Benign Head and Neck Specialist Sydney Dr Julia Crawford

Benign Head & Neck

Not all lumps are cancerous. Unlike cancer, benign growths do not spread to other parts of the body. Some benign growths require treatment, especially if they are causing symptoms. It is important to consult your doctor if you notice a persistent lump or any other unusual symptom. Further investigations, like imaging and biopsy, may be required to confirm that a lump is not cancerous.

Non-cancerous neck conditions

What is the most common cause of a lump in the neck?

Neck lumps are very common, and are most often due to swollen lymph nodes. You have over a 100 lymph nodes in your neck, which form part of your immune system. Lymph nodes swell in response to infection. They can also enlarge as a result of other inflammatory processes, such as autoimmune disease.

Where else could a benign neck lump come from?

Non-cancerous masses may develop from various structures in the neck, including:

Abscesses and sebaceous cysts are non-cancerous. Many skin moles are also benign.

A lipoma is a type of non-cancerous growth arising from fat tissue.

A neuroma is a benign growth that develops from nerve tissue.

An aneurysm is a ballooning of a weakened blood vessel wall. A vascular tumour is a growth that arises from blood vessel tissue.

Some benign growths of the neck, such as neck cysts, may be congenital. (A cyst is a fluid-filled sac which is usually not cancerous). A congenital cyst occurs as a result of a slight abnormality during foetal development, although it may be noticed for the first time later in life. The most common congenital neck cyst is a thyroglossal duct cyst, and it occurs along the midline of the neck. Another common congenital neck cyst is know as a branchial cleft cyst and most commonly occurs on the side of the neck under the jaw.

Non-cancerous salivary gland conditions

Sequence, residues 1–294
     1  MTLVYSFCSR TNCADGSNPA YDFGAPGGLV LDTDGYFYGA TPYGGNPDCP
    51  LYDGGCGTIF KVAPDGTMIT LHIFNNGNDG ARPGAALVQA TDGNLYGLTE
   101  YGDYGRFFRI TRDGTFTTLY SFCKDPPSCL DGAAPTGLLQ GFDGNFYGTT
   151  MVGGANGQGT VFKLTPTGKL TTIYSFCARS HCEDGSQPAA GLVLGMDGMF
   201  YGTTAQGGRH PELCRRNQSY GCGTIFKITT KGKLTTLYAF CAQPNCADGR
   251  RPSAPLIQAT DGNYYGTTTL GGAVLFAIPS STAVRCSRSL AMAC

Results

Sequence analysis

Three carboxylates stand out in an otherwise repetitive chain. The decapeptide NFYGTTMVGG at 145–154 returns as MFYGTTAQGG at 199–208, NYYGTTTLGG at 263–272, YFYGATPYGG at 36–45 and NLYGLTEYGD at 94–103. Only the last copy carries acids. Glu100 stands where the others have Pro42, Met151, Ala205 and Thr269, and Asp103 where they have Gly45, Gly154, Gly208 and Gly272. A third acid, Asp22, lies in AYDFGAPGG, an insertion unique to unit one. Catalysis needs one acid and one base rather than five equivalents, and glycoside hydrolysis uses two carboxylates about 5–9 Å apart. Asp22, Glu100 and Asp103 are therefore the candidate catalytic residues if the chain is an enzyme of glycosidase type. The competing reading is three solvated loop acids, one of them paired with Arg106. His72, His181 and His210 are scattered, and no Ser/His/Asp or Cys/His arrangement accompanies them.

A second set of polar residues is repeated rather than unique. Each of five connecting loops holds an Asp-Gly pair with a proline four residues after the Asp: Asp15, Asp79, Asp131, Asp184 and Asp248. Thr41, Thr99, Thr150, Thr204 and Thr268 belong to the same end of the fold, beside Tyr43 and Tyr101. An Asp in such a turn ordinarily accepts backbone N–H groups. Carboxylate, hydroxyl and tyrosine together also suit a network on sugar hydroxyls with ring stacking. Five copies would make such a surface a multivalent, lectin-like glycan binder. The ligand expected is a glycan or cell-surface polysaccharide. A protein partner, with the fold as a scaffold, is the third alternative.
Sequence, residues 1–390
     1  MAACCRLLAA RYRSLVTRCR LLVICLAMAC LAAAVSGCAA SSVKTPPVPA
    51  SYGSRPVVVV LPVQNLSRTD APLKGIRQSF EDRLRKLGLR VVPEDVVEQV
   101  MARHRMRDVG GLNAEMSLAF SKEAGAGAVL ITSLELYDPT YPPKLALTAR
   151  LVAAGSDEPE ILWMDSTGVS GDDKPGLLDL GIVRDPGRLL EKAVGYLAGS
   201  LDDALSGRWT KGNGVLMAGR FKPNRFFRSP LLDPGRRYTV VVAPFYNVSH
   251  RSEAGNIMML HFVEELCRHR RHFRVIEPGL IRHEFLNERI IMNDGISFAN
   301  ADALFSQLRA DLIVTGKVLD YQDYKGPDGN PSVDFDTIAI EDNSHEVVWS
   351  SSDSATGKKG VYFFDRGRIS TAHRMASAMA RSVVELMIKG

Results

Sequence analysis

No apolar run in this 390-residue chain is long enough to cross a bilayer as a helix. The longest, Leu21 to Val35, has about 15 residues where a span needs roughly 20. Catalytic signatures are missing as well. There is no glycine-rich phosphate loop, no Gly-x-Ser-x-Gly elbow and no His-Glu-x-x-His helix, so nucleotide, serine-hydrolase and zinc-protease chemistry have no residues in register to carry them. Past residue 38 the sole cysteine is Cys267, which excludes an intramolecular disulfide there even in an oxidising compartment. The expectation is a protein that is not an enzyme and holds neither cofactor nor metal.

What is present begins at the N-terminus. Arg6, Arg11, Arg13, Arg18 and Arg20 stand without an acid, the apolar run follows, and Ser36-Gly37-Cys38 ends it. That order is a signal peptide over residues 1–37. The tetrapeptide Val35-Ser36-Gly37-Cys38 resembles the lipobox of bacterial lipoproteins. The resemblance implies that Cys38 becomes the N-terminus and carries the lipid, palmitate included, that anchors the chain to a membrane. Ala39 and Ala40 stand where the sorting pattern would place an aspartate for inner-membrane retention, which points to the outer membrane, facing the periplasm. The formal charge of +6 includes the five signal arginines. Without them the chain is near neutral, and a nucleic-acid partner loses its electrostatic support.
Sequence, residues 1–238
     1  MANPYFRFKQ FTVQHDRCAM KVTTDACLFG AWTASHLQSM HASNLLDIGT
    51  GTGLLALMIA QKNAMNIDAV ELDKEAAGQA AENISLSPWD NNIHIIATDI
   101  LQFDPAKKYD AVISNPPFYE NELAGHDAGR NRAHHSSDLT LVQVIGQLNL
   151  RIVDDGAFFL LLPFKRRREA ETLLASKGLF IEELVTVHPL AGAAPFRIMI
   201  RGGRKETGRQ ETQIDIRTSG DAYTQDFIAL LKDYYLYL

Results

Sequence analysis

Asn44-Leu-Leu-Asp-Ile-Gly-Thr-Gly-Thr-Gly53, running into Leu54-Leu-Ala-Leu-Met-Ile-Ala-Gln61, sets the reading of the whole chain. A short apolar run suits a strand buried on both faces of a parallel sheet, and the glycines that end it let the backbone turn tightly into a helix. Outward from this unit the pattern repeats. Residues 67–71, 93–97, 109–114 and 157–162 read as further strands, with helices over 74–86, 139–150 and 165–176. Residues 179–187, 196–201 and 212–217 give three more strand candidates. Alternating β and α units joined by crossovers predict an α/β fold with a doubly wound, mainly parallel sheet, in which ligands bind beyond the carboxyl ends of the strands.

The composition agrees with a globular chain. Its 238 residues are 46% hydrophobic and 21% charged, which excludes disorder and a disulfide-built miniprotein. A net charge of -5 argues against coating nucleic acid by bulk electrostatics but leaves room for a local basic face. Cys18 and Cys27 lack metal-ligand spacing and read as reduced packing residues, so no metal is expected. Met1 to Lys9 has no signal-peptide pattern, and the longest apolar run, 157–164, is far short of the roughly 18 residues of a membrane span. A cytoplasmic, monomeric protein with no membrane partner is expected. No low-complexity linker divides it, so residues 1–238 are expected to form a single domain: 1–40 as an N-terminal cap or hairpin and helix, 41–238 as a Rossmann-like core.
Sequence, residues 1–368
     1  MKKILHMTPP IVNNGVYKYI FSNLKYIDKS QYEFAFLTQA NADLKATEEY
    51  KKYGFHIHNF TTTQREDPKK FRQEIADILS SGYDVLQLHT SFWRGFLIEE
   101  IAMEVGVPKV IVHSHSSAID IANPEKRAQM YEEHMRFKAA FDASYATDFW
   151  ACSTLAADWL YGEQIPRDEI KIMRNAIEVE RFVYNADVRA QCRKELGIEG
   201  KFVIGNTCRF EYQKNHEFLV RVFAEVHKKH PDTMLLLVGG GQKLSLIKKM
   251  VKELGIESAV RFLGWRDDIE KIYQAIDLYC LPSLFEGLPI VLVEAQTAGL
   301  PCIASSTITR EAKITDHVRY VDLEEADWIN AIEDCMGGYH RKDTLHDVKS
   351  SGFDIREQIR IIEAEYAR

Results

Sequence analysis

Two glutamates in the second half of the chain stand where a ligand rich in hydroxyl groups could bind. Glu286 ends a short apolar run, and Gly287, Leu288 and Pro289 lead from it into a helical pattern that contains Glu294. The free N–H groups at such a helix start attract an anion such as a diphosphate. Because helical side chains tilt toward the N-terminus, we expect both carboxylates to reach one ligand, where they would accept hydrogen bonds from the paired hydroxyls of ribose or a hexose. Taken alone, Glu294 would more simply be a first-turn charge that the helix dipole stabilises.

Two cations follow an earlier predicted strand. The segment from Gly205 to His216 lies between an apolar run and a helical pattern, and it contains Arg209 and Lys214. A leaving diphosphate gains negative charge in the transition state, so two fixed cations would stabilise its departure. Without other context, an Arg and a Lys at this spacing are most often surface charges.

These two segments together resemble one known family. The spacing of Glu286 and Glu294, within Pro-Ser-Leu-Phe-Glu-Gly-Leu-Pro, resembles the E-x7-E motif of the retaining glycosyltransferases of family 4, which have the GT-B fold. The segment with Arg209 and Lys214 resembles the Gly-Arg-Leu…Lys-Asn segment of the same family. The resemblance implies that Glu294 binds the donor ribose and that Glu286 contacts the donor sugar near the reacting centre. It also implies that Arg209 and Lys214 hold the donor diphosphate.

What are my salivary glands?

Your salivary glands produce saliva, and empty it into your mouth through openings called ducts. You have 3 pairs of major salivary glands, namely:

The biggest salivary glands, these are found on the insides of your cheeks.

These are located below your jaw.

These are the smallest of the major salivary glands and are found beneath your tongue.

Non Cancerous Salivary Gland | Dr Julia Crawford

What kind of salivary gland problems occur?

There are various problems that can affect salivary glands. These include:

Salivary stones form from crystallised saliva. If a siaololith blocks a salivary duct, the salivary gland becomes swollen and painful.

If a salivary duct is blocked, bacterial infection of the salivary gland is likely to occur. This causes a painful lump in the salivary gland, and a horrible taste in the mouth. If left untreated, sialoadenitis can develop into an abscess, causing severe pain and high fever.

Various viral infections, such as mumps, can cause swelling of the parotid glands.

Approximately 80% of salivary gland growths are benign. Non-cancerous salivary gland growths include cysts, pleomorphic adenomas and Warthin’s tumours.

This is a chronic autoimmune condition, which leads to dry mouth and eyes. It often causes painless enlargement of the salivary glands.

If you have a head or neck lump that concerns you and requires further investigation, or a problem with your salivary glands, your GP may refer you to an ENT specialist.

Dr Julia Crawford is specialised in diagnosing and managing these conditions, and is able to provide the treatment and care that you need. If you have your GP referral, please call our office on 02 8319 9434 to arrange for a consultation at our rooms in Darlinghurst or Kogarah.